QuickBooks software for Mac
Mac OS X is full of ways to record your screen, with a tool built-in to Quicktime Player and a vast number of third-party apps. Among the many tools, Screenflow is easily our top choice. It's fast, feature-rich, handles everything about the screencasting process from start to finish, and doubles as possibly the best simple video editing application on the Mac.
Platform: Mac OS X
- Record from your computer screen, a video camera, microphone and computer's audio all at the same time
- Excellent built-in editor that can also double as a phenomenal video editor.
- The editor allows you to add callouts, shapes, text overlays, and perform simple motion effects very easily.
- Publish directly to YouTube or Vimeo, or export to an all-in-one Flash video presentation
- Mac OS X Lion users can take advantage of several features like resume, auto saving, document versioning, and full screen mode.
- Export screencasts to multiple settings and save your own presets.
- Several built-in audio functions, such as a limiter and easy conversion to mono.
Where It Excels
ScreenFlow is a phenomenal application. It handles the screencasting workflow from start to finish. You can record your screen, yourself, your audio, and your computer's audio all at the same time. Then you can edit what you just recorded in ScreenFlow's built-in editor. From there you can add text overlays, video annotations, motion effects, focus a spotlight on the mouse's position, and a lot more. When you're finished with your recording, you can send it directly to YouTube or Vimeo, export to an embeddable Flash player for your web site, or export the video file to a number of other formats. It just takes care of absolutely everything you could need to do with a screencast.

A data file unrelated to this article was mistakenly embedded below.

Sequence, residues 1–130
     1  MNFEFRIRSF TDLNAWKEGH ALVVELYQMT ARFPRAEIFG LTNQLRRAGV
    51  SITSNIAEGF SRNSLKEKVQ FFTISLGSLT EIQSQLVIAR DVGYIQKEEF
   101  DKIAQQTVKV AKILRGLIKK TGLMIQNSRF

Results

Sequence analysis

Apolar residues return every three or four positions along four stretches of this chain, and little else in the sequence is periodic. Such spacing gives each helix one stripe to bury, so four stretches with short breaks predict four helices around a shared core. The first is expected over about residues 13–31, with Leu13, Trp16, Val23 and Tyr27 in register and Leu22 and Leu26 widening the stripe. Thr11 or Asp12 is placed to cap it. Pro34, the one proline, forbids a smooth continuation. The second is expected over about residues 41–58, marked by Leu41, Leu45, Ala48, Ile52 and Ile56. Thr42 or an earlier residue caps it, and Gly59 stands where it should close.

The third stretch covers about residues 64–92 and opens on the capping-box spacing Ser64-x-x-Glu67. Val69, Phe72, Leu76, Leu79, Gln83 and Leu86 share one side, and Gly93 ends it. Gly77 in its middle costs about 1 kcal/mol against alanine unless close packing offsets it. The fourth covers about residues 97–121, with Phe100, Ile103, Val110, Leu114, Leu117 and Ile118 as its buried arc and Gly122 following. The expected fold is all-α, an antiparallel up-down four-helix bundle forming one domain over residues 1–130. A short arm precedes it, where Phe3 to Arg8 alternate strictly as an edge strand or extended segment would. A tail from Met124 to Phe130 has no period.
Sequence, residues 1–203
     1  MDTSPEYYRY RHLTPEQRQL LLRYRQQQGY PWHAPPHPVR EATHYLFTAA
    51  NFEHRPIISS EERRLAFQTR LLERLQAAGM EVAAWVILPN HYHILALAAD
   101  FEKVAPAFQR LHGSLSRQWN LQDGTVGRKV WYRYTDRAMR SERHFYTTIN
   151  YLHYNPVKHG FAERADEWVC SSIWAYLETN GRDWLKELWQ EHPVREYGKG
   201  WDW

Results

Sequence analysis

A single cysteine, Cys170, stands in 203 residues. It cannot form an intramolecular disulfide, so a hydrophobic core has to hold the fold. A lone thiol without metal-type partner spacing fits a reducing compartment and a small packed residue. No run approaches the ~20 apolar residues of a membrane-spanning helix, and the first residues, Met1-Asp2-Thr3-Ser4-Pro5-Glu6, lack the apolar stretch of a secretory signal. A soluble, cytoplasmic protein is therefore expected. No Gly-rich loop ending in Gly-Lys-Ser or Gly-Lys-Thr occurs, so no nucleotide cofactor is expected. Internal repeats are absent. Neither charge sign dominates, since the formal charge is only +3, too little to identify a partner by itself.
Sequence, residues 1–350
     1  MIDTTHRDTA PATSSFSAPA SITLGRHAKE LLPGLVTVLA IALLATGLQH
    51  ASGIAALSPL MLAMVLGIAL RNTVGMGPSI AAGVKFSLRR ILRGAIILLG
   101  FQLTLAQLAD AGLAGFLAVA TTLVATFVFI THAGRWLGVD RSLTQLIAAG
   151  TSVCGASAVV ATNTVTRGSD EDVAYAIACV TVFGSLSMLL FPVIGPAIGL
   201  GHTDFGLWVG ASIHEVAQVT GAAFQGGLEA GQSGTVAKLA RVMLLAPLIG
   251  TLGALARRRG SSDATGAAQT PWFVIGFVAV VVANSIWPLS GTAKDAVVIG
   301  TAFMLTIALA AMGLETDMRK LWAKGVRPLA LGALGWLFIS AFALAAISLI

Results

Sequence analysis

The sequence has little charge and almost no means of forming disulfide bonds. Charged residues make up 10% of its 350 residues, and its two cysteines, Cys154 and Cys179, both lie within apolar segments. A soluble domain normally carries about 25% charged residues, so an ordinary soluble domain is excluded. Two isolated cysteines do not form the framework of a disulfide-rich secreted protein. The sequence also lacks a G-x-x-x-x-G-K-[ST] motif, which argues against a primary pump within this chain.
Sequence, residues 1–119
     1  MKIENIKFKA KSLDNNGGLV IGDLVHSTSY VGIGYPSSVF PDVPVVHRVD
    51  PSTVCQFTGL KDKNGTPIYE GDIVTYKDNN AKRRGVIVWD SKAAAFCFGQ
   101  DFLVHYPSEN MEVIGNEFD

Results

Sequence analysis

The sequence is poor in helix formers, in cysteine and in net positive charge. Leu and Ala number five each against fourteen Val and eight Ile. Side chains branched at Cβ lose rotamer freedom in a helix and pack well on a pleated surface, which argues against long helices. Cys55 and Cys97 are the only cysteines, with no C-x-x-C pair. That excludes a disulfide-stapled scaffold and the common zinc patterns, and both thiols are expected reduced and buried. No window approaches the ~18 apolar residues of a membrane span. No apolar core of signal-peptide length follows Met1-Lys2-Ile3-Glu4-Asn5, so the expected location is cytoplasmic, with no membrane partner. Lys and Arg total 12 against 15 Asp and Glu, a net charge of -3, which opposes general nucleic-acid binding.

But beyond screencasting, it's actually a very functional video editor. In the latest version of ScreenFlow, you can actually create a blank document and just throw a bunch of video files into it for editing purposes. Now that iMovie has its strange interface and isn't terribly easy to use, ScreenFlow is a great alternative for simple editing projects. It has a few built-in motion controls, plenty of transitions, and you can just drag the video you want to edit right onto the timeline. If Quicktime can open the video file, ScreenFlow can edit it. And ScreenFlow won't need to convert it to another format. It'll just play the video as-is. Sometimes it can get a little choppy if the video requires a bit of work to decode, but I use it to edit 1080p H.264 video on a MacBook Air and it handles things just fine.
What makes ScreenFlow so amazing is that it does everything and yet somehow doesn't feel like any of its abilities are superfluous. It's really an incredible app that's worth every cent if you do a lot of screencasting—and especially if you want a great little video editor as an added bonus.